[APPLIC] Think about this response. If we were disciples following Jesus, would we show as much commitment?
"It does not matter the purpose of your trip, Jesus, I will go with you."
"It does not matter that you do not need me to come along; I need to come along. I will go with you, Jesus."

What kind of commitment do we make to Jesus? Is it limited by our comforts? Is it limited by our other obligations? Or is it *unlimited*, rising out of our convictions and our need to be with Jesus?

Remember in John 6, where Jesus is preparing the disciples for the Last Supper? He tells them that they must eat his flesh. They, of course, have no idea that his telling them about a symbolic act; they think he means it literally. Many turn away from him.
67 So Jesus asked the twelve, "Do you also wish to go away?"
68 Simon Peter answered him, "Lord, to whom can we go?
You have the words of eternal life."

Is our need to be with Jesus that strong? I hope it is. Let him be for you the one who has the words of eternal life.

[II.] The scripture goes on:
So they went down to Bethel. 3 The company of prophets who were in Bethel came out to Elisha, and said to him, "Do you know that today the LORD will take your master away from you?" And he said, "Yes, I know; keep silent."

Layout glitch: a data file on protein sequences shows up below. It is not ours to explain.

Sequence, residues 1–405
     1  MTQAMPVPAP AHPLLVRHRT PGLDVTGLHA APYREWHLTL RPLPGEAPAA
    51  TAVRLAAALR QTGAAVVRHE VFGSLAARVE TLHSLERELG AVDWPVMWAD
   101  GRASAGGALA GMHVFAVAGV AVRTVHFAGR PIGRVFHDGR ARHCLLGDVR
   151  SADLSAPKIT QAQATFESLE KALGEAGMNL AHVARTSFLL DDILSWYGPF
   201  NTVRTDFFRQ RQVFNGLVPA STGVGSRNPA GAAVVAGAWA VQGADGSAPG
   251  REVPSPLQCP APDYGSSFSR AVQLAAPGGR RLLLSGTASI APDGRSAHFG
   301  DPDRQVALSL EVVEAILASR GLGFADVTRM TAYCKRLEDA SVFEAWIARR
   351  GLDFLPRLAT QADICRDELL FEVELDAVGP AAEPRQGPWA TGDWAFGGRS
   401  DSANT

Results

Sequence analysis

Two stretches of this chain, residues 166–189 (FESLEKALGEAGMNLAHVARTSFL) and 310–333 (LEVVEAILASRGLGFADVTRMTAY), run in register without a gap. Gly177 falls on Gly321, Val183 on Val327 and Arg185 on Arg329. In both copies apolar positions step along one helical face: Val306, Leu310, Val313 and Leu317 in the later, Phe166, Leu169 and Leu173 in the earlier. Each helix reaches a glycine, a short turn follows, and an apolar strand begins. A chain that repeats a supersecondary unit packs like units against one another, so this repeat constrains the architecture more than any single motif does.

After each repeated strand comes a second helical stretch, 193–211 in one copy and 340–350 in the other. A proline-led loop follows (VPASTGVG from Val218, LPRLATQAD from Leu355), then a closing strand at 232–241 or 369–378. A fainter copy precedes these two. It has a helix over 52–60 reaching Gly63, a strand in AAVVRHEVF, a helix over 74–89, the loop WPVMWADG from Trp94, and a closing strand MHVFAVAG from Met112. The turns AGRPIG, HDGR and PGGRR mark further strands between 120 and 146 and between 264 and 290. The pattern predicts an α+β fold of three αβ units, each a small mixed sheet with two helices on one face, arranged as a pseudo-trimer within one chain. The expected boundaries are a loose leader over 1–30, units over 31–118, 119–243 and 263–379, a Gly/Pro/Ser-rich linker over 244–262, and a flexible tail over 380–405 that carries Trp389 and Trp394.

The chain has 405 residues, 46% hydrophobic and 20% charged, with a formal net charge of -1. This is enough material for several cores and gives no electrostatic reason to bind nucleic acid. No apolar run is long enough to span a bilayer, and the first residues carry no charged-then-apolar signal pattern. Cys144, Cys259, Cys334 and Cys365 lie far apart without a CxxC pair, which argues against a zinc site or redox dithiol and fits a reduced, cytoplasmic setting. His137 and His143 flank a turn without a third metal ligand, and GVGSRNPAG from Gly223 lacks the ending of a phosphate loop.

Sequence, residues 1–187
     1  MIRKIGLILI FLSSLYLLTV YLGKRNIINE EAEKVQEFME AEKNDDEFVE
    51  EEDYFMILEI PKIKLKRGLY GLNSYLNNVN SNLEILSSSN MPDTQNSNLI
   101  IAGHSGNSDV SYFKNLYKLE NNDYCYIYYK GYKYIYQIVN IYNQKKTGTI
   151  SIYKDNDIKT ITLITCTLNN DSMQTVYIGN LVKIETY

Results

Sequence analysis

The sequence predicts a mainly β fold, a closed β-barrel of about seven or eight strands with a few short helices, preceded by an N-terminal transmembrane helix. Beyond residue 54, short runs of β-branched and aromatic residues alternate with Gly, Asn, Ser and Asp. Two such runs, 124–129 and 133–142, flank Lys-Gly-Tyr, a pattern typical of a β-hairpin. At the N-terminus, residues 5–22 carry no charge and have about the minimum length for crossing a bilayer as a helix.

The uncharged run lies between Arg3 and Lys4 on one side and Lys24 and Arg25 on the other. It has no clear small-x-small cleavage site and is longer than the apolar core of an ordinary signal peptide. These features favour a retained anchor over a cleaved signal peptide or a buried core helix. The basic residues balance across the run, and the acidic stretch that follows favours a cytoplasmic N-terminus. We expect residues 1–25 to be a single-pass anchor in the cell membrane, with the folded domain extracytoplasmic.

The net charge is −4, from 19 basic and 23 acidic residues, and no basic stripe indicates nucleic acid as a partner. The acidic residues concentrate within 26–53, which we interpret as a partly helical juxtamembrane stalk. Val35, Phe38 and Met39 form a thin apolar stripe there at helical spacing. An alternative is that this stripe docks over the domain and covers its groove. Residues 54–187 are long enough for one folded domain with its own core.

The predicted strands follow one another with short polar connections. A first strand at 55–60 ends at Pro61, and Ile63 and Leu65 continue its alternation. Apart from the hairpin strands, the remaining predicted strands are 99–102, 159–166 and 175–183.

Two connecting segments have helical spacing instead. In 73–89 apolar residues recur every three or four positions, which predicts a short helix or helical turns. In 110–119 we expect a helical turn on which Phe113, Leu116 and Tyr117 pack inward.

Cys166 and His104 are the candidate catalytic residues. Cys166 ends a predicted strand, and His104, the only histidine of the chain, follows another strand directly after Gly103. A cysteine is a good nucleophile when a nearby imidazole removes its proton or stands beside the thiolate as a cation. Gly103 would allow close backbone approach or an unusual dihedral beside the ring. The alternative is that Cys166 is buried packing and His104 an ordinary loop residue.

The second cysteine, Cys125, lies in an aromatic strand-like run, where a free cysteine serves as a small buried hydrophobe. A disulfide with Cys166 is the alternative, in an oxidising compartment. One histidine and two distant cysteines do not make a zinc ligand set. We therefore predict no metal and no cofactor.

What does this mean? "**Today the LORD will take your master away from you**." At one level, they are telling Elisha that his old master, Elijah, is going to die this day.
The clue to the second level of meaning is in the title the *Company of the Prophets* give the old Elijah: "Your master." A disciple was not a slave, but he made a slave's commitment to this master. The disciple was this master's learner, his companion, his servant, his beast of burden, and more. This commitment was only released when the master died. What the *Company of the Prophets* are telling Elisha is that the old prophet is about to die, and, when he does, Elisha will be free of his commitment.

But, Elisha does not rise to their suggestion that his freedom is close at hand. He does not rise to the suggestion that his freedom might be the treasure Elisha wants most. So, he said, "I know; keep silent." You see, unlike the company of the prophets, Elisha believes that there is something more at work here. We might respond to the promise of freedom; he knew that there was something more if he continued as servant for a little longer.

[APPLIC] Many of us have enjoyed the company and the guidance of mentors. Hopefully, that guidance has not come at the price of our enslavement to the boss or the company. Instead, we hope to see a payoff for faithful service:
+O.T.J. training,
+introductions to the people who will make your next promotion,
+going beyond the job description to learning the soul of a particular profession.
In every case, the payoff only comes to those who can put off immediate satisfactions to gain the more distant ones. Maintaining a good relationship with mentors is good business and, hopefully, it is personally satisfying, too.
Elisha heard the suggestion that he was about to be free of his master's rule over him, but he saw something more. So, he said: "I know; keep silent."